The chief executive of Next offered a boost to embattled UK consumers yesterday, predicting that there would be no further increases in its clothing prices for spring 2012, as cotton inflation and manufacturing capacity constraints in the Far East ease.
Lord Wolfson of Aspley Guise also said he thought the recent doom and gloom in the retail sector had been"exaggerated", as the fashion and homewares giant posted a resilient set of first-half results.
Total sales at Next rose by 3.2 per cent over the 26 weeks to 30 July, which was towards the upper end of Cityexpectations, although the retailer's performance was boosted by new stores and a surge in revenues at its home-shopping Directory business.
Asked if Next had outperformed the market, Lord Wolfson said: "I would have thought so because the whole market would not be growing at 3 per cent."
Next said it expected the 8 per cent rise in the average selling price of its clothing over the 26 weeks to continue into the second half of its financial year. But Lord Wolfson said he thought those price rises would "disappear", on a like-for-like basis in the first quarter of 2012 due to a sharp reduction in cotton prices, fewer capacity constraints on factories in the Far East, and the annualising of the VAT increase.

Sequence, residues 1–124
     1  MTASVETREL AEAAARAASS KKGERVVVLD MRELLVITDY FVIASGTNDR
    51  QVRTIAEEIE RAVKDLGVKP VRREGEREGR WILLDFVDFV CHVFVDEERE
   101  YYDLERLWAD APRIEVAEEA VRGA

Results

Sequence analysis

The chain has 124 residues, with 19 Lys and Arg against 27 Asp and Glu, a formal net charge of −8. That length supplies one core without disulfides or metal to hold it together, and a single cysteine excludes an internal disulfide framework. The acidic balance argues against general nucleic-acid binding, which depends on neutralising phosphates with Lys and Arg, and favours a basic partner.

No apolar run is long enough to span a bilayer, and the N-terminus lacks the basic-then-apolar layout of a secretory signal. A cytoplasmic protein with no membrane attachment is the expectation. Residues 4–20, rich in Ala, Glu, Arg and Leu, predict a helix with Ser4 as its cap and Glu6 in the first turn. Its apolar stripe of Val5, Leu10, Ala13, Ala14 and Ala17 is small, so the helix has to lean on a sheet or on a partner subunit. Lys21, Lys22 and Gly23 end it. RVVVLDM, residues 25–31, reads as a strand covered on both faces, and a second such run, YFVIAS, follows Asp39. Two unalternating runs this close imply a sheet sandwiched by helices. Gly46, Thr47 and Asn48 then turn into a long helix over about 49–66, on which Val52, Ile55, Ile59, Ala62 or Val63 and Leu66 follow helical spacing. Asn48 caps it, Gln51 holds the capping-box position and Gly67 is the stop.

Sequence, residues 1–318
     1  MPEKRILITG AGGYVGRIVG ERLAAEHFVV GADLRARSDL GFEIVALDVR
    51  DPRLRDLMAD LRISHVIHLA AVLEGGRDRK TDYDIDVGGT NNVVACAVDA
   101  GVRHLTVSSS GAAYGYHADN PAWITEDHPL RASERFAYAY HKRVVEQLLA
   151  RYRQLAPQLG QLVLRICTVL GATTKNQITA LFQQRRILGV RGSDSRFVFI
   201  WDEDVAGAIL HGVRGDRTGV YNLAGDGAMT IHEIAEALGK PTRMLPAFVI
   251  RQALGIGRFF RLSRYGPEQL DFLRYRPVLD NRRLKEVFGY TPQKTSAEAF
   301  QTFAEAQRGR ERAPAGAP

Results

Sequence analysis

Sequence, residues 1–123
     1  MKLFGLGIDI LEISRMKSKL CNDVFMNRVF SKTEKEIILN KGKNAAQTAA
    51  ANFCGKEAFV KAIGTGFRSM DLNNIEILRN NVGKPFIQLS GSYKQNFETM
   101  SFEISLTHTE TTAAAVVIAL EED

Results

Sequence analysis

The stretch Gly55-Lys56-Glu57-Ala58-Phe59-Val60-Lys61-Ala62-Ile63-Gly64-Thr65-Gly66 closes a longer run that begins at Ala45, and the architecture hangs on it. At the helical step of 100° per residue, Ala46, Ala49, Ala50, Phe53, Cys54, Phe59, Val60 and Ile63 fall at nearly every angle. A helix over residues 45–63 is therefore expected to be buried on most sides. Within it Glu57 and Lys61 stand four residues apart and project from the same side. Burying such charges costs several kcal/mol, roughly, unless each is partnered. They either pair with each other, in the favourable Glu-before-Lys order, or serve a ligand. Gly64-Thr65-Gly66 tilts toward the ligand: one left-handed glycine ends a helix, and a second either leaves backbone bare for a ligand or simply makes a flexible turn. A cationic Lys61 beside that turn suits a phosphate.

He said: "It is primarily cotton but we are not experiencing the samecapacity constraints that we were at the back end of last year and early this year when the factories were full."
His comments offer some hope to consumers who have been hit bystubbornly high inflation, notably from soaring petrol and food prices, at a time of Government spending cuts.
Citing these factors and "stagnant employment", Lord Wolfson said that while "consumers have less to spend on discretionary purchases, the thing that has been holding back the clothing sector has been the recent cost-price inflation".
Over the half-year, Next's retail sales in its physical stores slipped by 1.7 per cent. However, on a like-for-like basis, Next's sales were lower by 3.4 per cent once the positive impact of new space is excluded.
Next's star performer was its home shopping Directory business – of which online accounts for about 80 per cent. Sales at Next's home-shopping unit surged by 15.1 per cent over the half year, although the retailer said this figure was "somewhat flattered" by an increased allocation of stock on sale. Full-price Directory sales rose by 13.3 per cent.
Sam Hart, an analyst at Charles Stanley, said: "We think Next can continue to make steady progress. Years ofexperience in home shopping through the Directory means the group already has the infrastructure in place to benefit from structural growth in online shopping. Cash generation is strong, the balance sheet solid and management best in class."
Next has said that it expects pre-tax profits to be between £527m and £577m this financial year.